12. I have read it. And I wrote it. I’m not being defensive. I’m just rather alarmed at your apparent overlooking of some other things I wrote, like:

    “There also can be no question that he must acknowledge his office’s historical collusion in it all,” and by office I mean the position and the one who fills it.

    Also,

    “Everyone knows that reform not only means change in the followers, but change in the organization and its leaders as well.” He is its leader.

    I suppose I could have been more clear, like “The pope is personally at fault for his own sins and the sins of the church” or something like that, but I think statements like this neglect the greater dynamic at work, and that is that the church is greater than the sum of its parts, and that the church can possess this power or be possessed by it. I have a sense that in the past the RCC has been possessed by this power, but that Pope Francis is trying to turn this around and bring the church’s power under possession.

  13. purvez says:

    David, all I was expecting was an acknowledgment that he was the head of an institution that had failed MANY. I am NOT saying : “The pope is personally at fault for his own sins and the sins of the church”. I have NO IDEA about his own sins but he is personally responsible for the sins of the church. Your post DID NOT point that out (to me at least).

  14. Again purvez, when you say “David, all I was expecting was an acknowledgment that he was the head of an institution that had failed MANY,” I feel I wrote exactly that. So we’re both baffled I suppose.

  15. purvez says:

    Just to lay this matter to rest. Your post holds ‘the church’, ‘his office’ and ‘it’ responsible for the offenses. No where does it say HE (the pope) was responsible. Perhaps it’s my ‘reading of your post’ that’s at fault.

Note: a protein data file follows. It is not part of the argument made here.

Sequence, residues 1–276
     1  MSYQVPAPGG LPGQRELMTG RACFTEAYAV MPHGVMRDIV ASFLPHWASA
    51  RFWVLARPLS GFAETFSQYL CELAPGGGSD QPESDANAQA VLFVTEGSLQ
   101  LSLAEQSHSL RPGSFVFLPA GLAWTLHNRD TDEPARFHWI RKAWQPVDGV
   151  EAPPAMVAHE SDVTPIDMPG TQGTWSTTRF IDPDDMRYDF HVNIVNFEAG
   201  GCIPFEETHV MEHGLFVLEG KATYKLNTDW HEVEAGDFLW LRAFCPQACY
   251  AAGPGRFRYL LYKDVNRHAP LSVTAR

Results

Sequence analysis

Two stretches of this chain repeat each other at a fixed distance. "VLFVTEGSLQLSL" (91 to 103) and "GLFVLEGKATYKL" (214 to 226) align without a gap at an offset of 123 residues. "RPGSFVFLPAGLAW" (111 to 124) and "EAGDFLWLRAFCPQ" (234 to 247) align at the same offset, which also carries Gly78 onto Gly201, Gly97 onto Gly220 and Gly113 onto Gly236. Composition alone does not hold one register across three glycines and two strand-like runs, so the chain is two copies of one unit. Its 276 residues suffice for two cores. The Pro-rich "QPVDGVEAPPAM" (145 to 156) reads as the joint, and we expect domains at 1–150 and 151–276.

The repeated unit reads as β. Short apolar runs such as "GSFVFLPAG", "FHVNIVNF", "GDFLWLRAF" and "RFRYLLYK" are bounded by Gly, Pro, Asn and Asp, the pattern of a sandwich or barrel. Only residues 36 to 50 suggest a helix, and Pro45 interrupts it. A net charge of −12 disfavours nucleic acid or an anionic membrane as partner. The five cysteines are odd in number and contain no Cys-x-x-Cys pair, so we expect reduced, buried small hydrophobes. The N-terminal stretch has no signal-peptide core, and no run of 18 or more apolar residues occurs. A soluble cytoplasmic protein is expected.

Thanks for the responses.

  16. Ducatihero says:

    “critical failures to repair and necessary reform to address” and change on followers, leaders and institutions.

    I could say I have failed, am in need of repair, reform and change. But then if that’s true for me, it’s also true for you. If true for the RCC, true for protestantism, and any other human organisation or ideological movement.

    I don’t think the problem is about religion and being ” religion free”. If going by British values religion is any religion or absence of religion. So looked on that way everyone is religious ( or not).

    What we get by separating into different groups is us and them tribalism. I don’t think that is the main issue but noise that distracts from the main issue.

    I think the main issues are our common humanity and what enables us to have life to the fullest or conversely is damaging to life.

    I agree, I think pop Francis is a good guy and he made steps forward with saying “who am I to judge”. I would suggest we need more like him an not just in the church but in all positions of influence – politics, the media etc. and the patient endurance for transformation in all areas of life.

  17. Hamsahandgirl says:

    I hope he can address more issues, too. But he is pushing the envelope and I see that as a good thing. I might still be a Catholic if he had become Pope after John Paul.

  18. Gary says:

    I have to admit…the more the man chooses the path of political activism the less and less I think of him. I was once a fan…not so much anymore.

  19. I’m not a “fan” either. I do have respect for him though. Do you believe political activism is beyond the scope of the pope?

  20. Gary says:

    Yeah I think I largely do. Especially when his views play almost exclusively into one party’s hand over the other. I also think many of the the views he tries to shame us into accepting are very naive and do not hold the moral high ground he seems to believe they do.

  21. Gary says:

    Ironically David, I see the pope as becoming the counterpoint to my old baptist preachers. It used to bug the hell out of me when they would promote and agenda that seemed to clearly enunciate that it was incompatible with the Christian faith to be a liberal. Even though I was clearly conservative, and still am on many issues, I recognized that people of good conscience can and do disagree on many of these issues. I am beginning to think the pope believes it is incompatible with the Christian faith to be a conservative. I am parts of both conservative and liberal and both views still annoy the hell out of me.

  22. Yes, I agree. Faith is not exclusive to one party. Although that seems to be what each party thinks.